What Is Creatine?
And Should You Be Taking It?
By James Brusard B.S.
Over the past several decades, countless dietary supplements have flooded the fitness industry claiming to do everything from improving performance to dropping body fat in a few short weeks. The unfortunate truth about many of these products is that most are not regulated by the US Food and Drug Administration (FDA), and may contain variable quantities of the desired supplement, filler ingredients, and even contaminants that may be harmful if ingested. Creatine, on the other hand, is available over the counter and in various forms, and is not screened for or banned by the World Anti-Doping Agency (WADA), the International Olympic Committee (IOC), or the NCAA.
Since creatine grew in popularity in the early 1990s, 1,000+ clinical trials and studies have been conducted with billions of servings of creatine ingested. Creatine is now regularly used among recreational, collegiate, and professional athletes as one of the most popular sports dietary supplements on the market, with more than $400 million in annual sales. Creatine in supplement form is a tasteless, crystalline powder that readily dissolves in liquids when in monohydrate form. Roughly 95% is stored in skeletal muscle in fast twitch, type II fibers. It serves as an energy substrate for the contraction of skeletal muscle with the intention of creatine supplementation being to increase phosphocreatine levels in muscles, as well as free creatine, with the goal of postponing fatigue, for performance enhancing results.
Creatine is one of the most popular nutritional ergogenic aids for athletes. Studies have consistently shown that creatine supplementation increases intramuscular creatine concentrations which helps aids in the performance of high intensity exercise performance leading to greater training adaptations. In addition to athletic and exercise improvement, research has shown that creatine supplementation may enhance post-exercise recovery, injury prevention, thermoregulation, rehabilitation, and concussion and/or spinal cord neuroprotection. Clinical applications of creatine supplementation have been studied involving neurodegenerative diseases (muscular dystrophy, Parkinson’s, Huntington’s disease), diabetes, osteoarthritis, fibromyalgia, aging, brain and heart ischemia, adolescent depression, and pregnancy. These studies provide a large body of evidence that creatine can not only improve exercise performance but can play a role in preventing and/or reducing the severity of injury, enhancing rehabilitation from injuries, and helping athletes tolerate heavy training loads.
In terms of its general makeup, creatine is a nitrogenous organic compound found in muscle that is available in the diet through consumption of milk, red and white meat, fish, and mollusks, with meat and fish providing the richest sources. A typical non-vegetarian diet supplies anywhere from 1 to 2 g of creatine per day. An average 155 lb young man has a creatine pool between 120 and 140 g, varying by muscle fiber type and muscle bulk.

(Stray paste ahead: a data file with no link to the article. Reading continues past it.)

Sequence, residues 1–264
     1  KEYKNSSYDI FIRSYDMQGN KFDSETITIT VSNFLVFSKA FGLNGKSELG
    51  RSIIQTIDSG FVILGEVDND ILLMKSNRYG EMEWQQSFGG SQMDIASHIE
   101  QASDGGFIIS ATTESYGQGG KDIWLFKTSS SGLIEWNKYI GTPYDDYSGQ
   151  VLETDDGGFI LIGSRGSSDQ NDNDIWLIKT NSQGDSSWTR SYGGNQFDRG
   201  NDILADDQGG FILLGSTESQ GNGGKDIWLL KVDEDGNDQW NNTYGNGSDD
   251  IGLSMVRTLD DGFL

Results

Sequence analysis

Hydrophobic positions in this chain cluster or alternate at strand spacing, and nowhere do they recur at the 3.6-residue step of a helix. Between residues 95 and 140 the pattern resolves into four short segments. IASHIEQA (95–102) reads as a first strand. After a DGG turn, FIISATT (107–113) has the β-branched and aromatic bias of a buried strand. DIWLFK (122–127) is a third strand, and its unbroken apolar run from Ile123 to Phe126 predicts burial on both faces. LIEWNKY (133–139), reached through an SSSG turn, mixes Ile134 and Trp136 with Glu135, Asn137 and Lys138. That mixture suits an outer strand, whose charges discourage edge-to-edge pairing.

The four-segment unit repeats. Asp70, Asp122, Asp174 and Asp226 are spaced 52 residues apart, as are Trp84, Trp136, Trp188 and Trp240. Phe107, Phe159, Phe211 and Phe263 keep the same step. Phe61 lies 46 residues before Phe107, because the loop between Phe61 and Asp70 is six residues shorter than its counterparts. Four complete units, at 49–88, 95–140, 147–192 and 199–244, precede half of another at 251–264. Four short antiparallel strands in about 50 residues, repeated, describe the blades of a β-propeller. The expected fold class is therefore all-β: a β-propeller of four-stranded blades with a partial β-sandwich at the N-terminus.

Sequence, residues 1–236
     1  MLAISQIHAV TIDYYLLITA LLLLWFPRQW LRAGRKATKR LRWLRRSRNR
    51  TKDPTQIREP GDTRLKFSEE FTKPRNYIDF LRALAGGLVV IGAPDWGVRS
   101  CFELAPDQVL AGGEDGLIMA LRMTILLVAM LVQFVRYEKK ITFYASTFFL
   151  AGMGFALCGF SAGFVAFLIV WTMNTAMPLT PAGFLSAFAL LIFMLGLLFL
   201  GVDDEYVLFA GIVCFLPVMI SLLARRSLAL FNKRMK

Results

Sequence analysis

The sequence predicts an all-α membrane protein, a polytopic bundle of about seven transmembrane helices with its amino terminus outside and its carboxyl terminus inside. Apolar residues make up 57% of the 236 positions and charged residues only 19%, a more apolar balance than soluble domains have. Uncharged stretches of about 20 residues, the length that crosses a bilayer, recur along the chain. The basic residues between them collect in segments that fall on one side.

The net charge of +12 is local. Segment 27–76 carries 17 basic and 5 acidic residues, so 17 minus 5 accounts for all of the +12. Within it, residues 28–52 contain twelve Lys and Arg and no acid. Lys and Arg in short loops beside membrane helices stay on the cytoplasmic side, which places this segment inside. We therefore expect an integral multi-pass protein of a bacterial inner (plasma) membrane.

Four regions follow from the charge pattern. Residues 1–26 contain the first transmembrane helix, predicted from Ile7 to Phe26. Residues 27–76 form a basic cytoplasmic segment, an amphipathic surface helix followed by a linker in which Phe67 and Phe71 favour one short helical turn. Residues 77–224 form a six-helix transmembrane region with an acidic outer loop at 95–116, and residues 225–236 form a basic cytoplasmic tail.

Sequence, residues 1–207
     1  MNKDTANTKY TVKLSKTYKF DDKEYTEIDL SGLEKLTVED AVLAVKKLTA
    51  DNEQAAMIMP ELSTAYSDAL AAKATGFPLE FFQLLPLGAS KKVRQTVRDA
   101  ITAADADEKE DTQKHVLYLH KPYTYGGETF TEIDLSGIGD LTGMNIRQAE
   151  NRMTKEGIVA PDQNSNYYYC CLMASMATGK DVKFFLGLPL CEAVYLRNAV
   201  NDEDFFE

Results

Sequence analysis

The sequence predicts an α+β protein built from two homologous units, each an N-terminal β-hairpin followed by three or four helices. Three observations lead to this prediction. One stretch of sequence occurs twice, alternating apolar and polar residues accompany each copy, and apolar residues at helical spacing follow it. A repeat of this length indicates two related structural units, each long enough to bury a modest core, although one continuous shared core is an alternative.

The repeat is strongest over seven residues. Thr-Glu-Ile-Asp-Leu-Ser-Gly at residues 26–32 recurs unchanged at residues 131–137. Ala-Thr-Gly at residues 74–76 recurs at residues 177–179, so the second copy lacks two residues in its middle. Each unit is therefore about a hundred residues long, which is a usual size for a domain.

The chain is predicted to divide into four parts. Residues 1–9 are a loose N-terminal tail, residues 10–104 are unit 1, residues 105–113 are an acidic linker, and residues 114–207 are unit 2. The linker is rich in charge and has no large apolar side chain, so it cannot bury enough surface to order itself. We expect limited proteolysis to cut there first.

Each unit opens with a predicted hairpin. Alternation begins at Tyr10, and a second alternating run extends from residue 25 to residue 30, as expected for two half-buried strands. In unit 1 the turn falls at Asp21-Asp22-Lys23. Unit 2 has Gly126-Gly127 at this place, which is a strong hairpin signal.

In a normal diet that contains 1–2 g/day of creatine, muscle creatine stores are about 60–80% saturated. The most effective way to increase muscle creatine stores is to ingest 5 g of creatine monohydrate (or approximately 0.3 g/kg body weight) four times daily for 5–7 days. A loading dose of creatine is often used prior to implementation of a daily maintenance dose. Some studies have indicated that creatine stores can be increased without a loading dose, albeit over longer periods of time. A commonly accepted loading dose regimen is 20 to 25 grams per day, divided 4 times daily for 5 to 7 days. After the loading phase is complete a 5-10g per day dosage is required for maintenance.
Despite the large body of research supporting supplementation of creatine, the majority of the products on the market are not regulated by the FDA. This illustrates the importance of putting your trust into products like DotFit’s creatine monohydrate that is NSF certified for sport, which means it’s third-party tested and guaranteed to be both safe and effective.
Still have questions about proper creatine supplementation. Schedule a complimentary Nutrition Consultation.
Butts, J., Jacobs, B., & Silvis, M. (2018). Creatine Use in Sports. Sports Health, 10(1), 31-34.
Kreider, R. B., Kalman, D. S., Antonio, J., Ziegenfuss, T. N., Wildman, R., Collins, R., & Lopez, H. L. (2017). International Society of Sports Nutrition position stand: safety and efficacy of creatine supplementation in exercise, sport, and medicine. Journal of the International Society of Sports Nutrition, (14)18.